Prostate carcinomas arise in 100% of Noble rats treated with estradiol and testosterone. We hypothesize that estrogens initiate prostate cancer mainly by formation of 4-catechol estrogens (CE), followed by their oxidation to catechol estrogen-3,4-quinones (CE-3,4-Q), which can react with DNA. To avoid cancer initiation, CE can be detoxified by catechol-O-methyltransferase (COMT), and CE-3,4-Q by conjugation with glutathione (GSH) or by reduction to CE, catalyzed by quinone reductase and/or cytochrome P450 reductase. To investigate the prostatic metabolism of estrogens, Noble rats were treated with the CE 4-hydroxyestradiol (4-OHE2) or estradiol-3,4-quinone (E2-3,4-Q), and CE metabolites and conjugates were analyzed in the four regions of the prostate, which differ in susceptibility to carcinoma formation. Following treatment of rats with 4-OHE2 (6 μmol/100 g body weight in 200 μl of trioctanoin/dimethylsulfoxide (4:1) by intraperitoneal injection) for 90 min, the non-susceptible ventral (VP) and anterior (AP) prostate had higher levels of 4-methoxyCE and GSH conjugates than the susceptible dorsolateral prostate (DLP) and periurethral prostate (PUP). After treatment with the same molar amount of E2-3,4-Q, the VP and AP contained more GSH conjugates, 4-CE and 4-methoxyCE than the susceptible DLP and PUP. These results suggest that prostate areas susceptible to carcinoma induction have less protection by COMT, GSH, and quinone reductase and/or cytochrome P450 reductase, favoring reaction of CE-3,4-Q with DNA, presumably to initiate cancer.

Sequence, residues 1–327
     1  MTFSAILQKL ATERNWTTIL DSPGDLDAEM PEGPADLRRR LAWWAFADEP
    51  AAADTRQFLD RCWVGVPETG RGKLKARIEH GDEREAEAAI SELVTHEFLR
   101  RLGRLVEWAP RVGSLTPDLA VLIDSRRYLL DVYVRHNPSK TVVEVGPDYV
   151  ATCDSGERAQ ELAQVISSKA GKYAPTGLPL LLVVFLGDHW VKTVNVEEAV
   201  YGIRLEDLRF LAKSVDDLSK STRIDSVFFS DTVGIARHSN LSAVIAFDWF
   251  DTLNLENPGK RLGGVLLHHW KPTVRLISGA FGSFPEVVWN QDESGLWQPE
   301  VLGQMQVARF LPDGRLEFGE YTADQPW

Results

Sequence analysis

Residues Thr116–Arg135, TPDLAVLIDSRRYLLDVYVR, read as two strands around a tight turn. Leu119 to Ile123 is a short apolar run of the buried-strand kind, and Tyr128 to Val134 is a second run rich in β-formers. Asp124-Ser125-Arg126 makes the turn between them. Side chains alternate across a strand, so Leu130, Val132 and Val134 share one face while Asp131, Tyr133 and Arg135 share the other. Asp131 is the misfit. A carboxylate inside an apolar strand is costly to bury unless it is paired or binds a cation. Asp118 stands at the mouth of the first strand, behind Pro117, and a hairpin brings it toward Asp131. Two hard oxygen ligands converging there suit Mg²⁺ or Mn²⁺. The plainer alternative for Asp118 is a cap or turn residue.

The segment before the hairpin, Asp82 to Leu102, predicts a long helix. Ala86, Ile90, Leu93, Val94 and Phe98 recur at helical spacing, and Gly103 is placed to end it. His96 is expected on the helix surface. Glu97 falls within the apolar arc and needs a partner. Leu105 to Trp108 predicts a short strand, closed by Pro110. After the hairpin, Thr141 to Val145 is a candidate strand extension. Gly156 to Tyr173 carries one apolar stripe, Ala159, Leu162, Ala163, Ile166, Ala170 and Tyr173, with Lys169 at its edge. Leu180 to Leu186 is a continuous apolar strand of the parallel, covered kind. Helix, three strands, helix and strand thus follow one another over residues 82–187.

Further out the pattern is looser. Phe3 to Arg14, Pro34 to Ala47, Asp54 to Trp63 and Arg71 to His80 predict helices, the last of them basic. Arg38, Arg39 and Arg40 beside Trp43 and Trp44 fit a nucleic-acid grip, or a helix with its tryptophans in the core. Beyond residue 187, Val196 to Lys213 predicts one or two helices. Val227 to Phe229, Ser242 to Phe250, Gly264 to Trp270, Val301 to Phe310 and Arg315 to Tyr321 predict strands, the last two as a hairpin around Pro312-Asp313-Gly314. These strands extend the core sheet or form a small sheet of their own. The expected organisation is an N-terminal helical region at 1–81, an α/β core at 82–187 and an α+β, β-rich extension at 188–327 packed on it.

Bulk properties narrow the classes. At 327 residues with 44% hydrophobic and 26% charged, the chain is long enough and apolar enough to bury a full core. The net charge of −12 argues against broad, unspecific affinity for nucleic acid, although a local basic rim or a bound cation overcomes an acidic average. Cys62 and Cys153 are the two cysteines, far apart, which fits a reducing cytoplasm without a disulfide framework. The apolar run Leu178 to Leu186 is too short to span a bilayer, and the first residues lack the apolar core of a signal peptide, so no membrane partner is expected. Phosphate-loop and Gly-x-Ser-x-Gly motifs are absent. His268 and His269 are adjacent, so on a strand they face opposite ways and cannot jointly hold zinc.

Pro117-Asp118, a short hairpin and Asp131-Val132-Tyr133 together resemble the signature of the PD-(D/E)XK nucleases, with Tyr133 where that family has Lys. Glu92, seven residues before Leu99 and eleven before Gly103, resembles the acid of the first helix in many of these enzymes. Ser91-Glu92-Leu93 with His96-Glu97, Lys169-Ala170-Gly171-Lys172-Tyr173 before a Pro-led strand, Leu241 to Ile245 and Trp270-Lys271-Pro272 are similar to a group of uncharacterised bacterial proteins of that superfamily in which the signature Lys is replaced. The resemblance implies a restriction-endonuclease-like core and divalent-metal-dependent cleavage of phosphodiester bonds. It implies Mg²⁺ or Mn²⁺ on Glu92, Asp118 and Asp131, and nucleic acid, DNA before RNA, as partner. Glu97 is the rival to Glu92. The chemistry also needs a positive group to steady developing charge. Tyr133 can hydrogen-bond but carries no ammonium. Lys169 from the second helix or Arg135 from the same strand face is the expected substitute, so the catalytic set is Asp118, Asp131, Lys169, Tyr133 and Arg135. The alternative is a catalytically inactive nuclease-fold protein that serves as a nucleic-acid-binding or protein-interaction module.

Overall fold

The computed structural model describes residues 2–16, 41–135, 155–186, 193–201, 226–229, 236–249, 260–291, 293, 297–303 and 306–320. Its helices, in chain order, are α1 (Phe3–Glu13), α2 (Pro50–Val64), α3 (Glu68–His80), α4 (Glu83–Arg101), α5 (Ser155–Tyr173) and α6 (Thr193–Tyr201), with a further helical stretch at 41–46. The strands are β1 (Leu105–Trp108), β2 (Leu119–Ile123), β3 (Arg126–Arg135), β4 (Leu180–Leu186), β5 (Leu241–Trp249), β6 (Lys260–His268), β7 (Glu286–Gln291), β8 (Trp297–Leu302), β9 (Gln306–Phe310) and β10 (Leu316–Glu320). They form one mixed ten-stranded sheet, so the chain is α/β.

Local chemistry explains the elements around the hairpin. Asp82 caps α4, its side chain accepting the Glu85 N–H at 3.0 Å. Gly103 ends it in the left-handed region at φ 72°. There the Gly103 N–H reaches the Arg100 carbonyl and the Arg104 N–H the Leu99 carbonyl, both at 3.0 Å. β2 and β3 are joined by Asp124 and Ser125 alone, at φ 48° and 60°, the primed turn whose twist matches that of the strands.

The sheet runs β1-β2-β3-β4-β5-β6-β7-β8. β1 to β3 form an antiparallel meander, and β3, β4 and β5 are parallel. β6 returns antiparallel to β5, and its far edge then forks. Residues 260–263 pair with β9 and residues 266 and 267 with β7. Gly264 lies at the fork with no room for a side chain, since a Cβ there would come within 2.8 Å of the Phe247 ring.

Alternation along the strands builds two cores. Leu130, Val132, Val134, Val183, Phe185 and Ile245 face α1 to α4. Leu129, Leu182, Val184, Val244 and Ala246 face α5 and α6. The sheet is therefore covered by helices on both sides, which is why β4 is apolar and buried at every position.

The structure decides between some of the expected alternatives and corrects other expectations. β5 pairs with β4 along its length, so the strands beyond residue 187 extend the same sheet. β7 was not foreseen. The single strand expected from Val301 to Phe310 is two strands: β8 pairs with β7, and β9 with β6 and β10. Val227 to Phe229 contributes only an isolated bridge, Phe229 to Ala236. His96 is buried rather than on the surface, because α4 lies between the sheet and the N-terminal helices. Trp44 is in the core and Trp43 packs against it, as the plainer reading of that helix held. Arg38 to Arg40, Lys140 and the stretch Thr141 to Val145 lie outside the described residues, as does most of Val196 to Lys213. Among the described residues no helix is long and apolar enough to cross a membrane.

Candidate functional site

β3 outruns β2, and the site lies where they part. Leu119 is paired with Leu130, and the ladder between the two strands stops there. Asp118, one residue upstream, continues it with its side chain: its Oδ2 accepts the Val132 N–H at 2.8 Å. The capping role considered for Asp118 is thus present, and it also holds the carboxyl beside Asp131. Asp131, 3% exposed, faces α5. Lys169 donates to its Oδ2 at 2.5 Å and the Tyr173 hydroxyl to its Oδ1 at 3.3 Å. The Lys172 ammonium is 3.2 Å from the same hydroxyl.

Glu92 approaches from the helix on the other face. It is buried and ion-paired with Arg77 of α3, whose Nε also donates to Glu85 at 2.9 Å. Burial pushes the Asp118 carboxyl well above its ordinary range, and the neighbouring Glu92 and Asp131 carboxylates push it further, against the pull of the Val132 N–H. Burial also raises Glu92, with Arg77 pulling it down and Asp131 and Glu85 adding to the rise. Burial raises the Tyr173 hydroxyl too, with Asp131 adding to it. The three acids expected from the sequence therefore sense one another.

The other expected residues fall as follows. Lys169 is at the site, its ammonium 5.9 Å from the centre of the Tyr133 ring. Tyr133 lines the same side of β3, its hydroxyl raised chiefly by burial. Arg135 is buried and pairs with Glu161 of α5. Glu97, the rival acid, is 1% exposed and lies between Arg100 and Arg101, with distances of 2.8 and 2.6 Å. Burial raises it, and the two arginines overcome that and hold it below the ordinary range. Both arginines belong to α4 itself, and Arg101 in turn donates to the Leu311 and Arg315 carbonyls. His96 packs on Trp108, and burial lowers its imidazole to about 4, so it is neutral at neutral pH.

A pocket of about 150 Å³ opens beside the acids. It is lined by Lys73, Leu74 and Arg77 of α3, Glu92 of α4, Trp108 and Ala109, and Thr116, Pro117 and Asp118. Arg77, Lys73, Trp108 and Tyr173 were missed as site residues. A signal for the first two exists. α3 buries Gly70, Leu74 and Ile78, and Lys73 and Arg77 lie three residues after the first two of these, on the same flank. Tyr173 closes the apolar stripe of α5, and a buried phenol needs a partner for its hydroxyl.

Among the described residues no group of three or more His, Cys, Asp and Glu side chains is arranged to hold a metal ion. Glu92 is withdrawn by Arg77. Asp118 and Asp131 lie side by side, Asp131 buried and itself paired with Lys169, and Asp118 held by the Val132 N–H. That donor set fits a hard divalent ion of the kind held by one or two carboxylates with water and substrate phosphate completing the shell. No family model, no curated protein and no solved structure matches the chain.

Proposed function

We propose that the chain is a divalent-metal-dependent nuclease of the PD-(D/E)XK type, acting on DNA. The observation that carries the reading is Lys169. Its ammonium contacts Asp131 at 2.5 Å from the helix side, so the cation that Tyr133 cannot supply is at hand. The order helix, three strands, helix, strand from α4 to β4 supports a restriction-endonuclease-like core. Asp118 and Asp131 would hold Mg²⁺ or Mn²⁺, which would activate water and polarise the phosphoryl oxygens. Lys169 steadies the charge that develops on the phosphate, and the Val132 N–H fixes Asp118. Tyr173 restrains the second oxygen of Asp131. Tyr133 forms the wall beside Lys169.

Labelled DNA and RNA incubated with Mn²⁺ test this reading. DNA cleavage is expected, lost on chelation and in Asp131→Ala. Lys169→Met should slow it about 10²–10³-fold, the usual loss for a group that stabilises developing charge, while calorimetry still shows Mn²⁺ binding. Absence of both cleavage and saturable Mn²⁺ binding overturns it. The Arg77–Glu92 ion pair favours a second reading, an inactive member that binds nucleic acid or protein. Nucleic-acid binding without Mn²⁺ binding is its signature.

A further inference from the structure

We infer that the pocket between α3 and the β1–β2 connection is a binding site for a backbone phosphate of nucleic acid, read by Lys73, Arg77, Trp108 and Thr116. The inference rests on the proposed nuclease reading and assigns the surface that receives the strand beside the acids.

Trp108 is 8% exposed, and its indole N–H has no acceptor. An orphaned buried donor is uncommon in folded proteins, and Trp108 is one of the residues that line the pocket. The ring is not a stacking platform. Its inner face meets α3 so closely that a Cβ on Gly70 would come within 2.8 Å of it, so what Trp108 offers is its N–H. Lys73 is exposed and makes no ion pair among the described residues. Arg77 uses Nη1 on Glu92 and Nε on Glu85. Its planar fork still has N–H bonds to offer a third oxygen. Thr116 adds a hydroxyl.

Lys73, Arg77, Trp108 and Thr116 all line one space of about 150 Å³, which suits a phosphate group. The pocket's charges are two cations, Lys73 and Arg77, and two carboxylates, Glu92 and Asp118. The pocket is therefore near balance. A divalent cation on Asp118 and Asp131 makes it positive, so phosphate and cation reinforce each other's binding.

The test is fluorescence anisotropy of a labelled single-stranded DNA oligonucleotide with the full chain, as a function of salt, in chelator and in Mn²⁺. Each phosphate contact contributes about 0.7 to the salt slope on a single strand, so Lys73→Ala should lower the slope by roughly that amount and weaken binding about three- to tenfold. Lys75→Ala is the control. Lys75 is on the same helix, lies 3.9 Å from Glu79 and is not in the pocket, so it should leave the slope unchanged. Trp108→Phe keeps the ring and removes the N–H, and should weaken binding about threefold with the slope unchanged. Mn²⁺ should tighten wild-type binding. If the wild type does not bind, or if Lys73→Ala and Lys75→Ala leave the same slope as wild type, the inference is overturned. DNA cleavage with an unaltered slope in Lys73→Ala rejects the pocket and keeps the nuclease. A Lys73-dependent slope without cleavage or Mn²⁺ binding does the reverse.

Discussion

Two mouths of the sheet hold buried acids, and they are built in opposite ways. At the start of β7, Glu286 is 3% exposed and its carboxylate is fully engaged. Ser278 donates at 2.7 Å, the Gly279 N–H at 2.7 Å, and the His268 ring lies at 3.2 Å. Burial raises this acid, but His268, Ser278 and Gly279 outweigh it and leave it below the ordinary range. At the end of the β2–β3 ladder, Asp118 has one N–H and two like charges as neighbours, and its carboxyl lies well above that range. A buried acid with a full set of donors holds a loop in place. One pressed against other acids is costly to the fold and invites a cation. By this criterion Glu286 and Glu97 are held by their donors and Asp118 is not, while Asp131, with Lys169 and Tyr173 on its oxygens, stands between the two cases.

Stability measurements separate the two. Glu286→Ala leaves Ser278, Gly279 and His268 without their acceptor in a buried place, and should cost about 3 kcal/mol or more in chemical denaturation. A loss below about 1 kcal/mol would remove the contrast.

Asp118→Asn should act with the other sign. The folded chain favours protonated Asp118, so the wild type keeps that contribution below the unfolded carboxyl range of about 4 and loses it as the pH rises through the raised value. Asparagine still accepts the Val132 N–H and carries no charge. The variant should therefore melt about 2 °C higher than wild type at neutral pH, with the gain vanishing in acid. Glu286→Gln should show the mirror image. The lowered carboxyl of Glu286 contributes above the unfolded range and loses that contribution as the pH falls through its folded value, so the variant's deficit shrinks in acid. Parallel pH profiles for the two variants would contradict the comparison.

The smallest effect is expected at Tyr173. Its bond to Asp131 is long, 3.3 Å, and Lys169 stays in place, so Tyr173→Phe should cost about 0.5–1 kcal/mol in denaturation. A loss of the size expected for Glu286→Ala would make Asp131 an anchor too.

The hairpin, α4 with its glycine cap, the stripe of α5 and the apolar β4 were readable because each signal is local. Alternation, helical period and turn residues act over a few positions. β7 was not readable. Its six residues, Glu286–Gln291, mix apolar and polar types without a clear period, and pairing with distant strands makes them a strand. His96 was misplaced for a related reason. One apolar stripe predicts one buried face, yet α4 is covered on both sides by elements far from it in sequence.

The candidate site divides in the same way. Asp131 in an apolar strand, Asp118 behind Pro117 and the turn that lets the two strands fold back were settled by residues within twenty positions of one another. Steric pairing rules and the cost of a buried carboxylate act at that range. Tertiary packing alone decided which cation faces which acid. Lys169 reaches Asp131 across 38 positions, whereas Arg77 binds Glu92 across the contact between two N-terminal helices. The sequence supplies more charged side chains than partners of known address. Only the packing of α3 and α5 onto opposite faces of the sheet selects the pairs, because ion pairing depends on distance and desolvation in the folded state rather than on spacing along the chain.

ASJC Scopus subject areas
- Cancer Research